"It's not just biology for kids, it's for everyone." Thanks to the excellent design, this outstanding site from the Andrew Rader Studios is informative, easy to read and simple to navigate. Topics include cells, microorganisms, plants, invertebrates, animal systems and more. Each section concludes with a self-scoring multiple-choice quiz. Overall the site has thirty quizzes, a dozen videos, and a handful of annotated slide shows, all of which can be found on the Activities page. The Site Map is the best place to start to get an overview of the site.
Biology teacher and online game developer Dr. Leif Saul makes learning high school biology fun with his interactive mini-lectures, activities, animations and cartoons. He originally developed these for use in his own classroom, and found them effective in both capturing students' attention and illustrating difficult concepts. When browsing through the site, be sure to note the icons that indicate whether the activity is a mouse rollover, a drag-and-drop, an animation or a simulation.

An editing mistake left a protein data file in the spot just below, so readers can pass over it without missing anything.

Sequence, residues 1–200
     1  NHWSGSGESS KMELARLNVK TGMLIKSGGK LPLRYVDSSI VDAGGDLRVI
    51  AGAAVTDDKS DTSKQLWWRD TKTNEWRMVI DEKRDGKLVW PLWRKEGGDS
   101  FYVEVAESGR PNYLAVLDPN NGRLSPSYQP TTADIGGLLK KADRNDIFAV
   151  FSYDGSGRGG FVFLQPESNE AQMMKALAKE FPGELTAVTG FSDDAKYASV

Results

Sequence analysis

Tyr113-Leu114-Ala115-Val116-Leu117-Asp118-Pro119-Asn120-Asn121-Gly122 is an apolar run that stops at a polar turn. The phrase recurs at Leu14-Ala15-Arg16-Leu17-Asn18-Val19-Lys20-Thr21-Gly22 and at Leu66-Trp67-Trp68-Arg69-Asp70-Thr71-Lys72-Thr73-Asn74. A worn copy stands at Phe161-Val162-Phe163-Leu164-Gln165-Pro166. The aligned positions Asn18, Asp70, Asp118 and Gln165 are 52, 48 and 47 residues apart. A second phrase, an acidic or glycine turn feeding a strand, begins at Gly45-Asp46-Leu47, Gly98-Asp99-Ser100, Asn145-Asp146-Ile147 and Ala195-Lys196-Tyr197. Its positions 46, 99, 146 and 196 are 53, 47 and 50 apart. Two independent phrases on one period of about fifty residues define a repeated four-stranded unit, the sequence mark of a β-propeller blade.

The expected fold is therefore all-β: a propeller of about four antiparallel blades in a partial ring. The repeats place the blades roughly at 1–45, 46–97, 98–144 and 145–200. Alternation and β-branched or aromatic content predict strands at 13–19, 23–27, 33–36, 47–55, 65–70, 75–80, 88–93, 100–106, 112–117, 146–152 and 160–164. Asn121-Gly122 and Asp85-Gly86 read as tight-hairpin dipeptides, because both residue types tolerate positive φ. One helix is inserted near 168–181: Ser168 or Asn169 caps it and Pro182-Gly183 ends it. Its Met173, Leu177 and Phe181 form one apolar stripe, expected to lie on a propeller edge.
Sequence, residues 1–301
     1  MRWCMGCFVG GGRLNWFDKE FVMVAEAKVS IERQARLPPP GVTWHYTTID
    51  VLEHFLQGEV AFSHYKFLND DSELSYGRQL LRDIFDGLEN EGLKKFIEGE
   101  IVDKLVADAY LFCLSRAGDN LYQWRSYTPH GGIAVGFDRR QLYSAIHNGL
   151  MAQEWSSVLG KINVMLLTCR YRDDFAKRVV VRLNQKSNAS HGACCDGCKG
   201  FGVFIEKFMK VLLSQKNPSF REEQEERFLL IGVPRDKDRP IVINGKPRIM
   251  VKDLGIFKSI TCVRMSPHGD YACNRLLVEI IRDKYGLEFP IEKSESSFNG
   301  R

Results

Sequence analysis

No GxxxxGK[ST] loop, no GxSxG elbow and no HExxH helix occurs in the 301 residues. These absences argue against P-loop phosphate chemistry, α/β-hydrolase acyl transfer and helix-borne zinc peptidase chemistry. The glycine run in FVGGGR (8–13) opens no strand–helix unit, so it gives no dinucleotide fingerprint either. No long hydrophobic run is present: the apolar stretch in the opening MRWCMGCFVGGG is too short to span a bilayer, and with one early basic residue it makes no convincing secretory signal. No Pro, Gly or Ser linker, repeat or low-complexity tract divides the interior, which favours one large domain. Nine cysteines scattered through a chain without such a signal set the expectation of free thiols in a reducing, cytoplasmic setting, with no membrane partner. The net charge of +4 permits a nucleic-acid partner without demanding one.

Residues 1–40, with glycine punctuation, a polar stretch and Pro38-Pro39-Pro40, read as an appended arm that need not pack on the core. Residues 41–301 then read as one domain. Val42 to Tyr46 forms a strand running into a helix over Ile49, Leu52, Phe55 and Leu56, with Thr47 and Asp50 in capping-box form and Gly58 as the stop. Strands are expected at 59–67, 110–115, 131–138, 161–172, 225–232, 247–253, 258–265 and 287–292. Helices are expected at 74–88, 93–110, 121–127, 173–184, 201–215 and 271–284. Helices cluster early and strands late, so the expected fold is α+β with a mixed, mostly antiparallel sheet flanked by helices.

The best clicks for high-school students (and adults) are found on the left-hand menu starting with Plant Cells, Animal Cells and Mitosis. Each chapter includes a dozen sub-topics (such as nucleus and cell membrane) that are covered with their own illustrated page. Additional highlights of the site are the amazing photographs found in Cell Cams, Cell Gallery and on free e-postcards to send to friends from your biology class. Think you know your stuff? Try the three tough quizzes on Cell Structure, Microbes and The Immune System.
HippoCampus, from the Monterey Institute for Technology and Education, offers multimedia high school and college lessons in biology (as well as eight other subjects including Algebra, Psychology and U.S. History.) This particular site is a mini-overview of the biology lessons available. If you want access to a complete class such as AP Biology I or Biology for Non-Majors, you'll find that entrance at the main Hippo Campus. To use this mini-site, simply choose one of twelve units, then drill down to the individual lessons.
Hundreds of teacher-created games, in categories such as Ecology, Genetics, and Human Physiology. Within each category are dozens of quizzes, each annotated with grade level and state, and a chance to preview the questions. Once you've settled on a specific set of questions, the game can be played in any one of six formats: soccer, ping pong, baseball, basketball, golf or traditional quiz format. In the sports formats, each correct answer is rewarded with an opportunity to shoot a basket, hit a home run, etc..